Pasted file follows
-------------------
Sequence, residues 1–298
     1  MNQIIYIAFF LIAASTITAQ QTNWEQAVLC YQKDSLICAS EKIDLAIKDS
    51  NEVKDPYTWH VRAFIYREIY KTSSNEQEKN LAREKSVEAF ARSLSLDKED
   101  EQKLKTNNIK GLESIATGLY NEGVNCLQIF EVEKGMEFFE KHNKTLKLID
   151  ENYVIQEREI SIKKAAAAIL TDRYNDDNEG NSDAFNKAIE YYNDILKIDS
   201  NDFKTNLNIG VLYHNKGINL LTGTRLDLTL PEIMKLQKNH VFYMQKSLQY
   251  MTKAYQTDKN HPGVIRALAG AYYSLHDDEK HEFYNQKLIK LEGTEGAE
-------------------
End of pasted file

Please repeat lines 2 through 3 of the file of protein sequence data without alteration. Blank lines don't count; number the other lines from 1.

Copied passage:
     1  MNQIIYIAFF LIAASTITAQ QTNWEQAVLC YQKDSLICAS EKIDLAIKDS
    51  NEVKDPYTWH VRAFIYREIY KTSSNEQEKN LAREKSVEAF ARSLSLDKED